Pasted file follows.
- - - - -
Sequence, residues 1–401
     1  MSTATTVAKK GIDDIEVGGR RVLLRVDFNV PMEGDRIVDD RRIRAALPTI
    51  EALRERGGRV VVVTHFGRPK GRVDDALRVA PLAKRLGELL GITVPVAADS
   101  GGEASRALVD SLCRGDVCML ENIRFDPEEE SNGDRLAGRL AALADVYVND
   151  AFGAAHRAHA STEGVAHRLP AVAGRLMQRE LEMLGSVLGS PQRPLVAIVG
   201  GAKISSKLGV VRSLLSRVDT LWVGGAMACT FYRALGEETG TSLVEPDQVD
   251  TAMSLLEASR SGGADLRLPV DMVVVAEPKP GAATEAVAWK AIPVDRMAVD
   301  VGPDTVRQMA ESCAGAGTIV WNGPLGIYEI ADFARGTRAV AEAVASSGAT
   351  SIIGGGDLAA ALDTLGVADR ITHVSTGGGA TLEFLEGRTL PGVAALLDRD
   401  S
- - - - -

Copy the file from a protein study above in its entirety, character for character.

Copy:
Sequence, residues 1–401
     1  MSTATTVAKK GIDDIEVGGR RVLLRVDFNV PMEGDRIVDD RRIRAALPTI
    51  EALRERGGRV VVVTHFGRPK GRVDDALRVA PLAKRLGELL GITVPVAADS
   101  GGEASRALVD SLCRGDVCML ENIRFDPEEE SNGDRLAGRL AALADVYVND
   151  AFGAAHRAHA STEGVAHRLP AVAGRLMQRE LEMLGSVLGS PQRPLVAIVG
   201  GAKISSKLGV VRSLLSRVDT LWVGGAMACT FYRALGEETG TSLVEPDQVD
   251  TAMSLLEASR SGGADLRLPV DMVVVAEPKP GAATEAVAWK AIPVDRMAVD
   301  VGPDTVRQMA ESCAGAGTIV WNGPLGIYEI ADFARGTRAV AEAVASSGAT
   351  SIIGGGDLAA ALDTLGVADR ITHVSTGGGA TLEFLEGRTL PGVAALLDRD
   401  S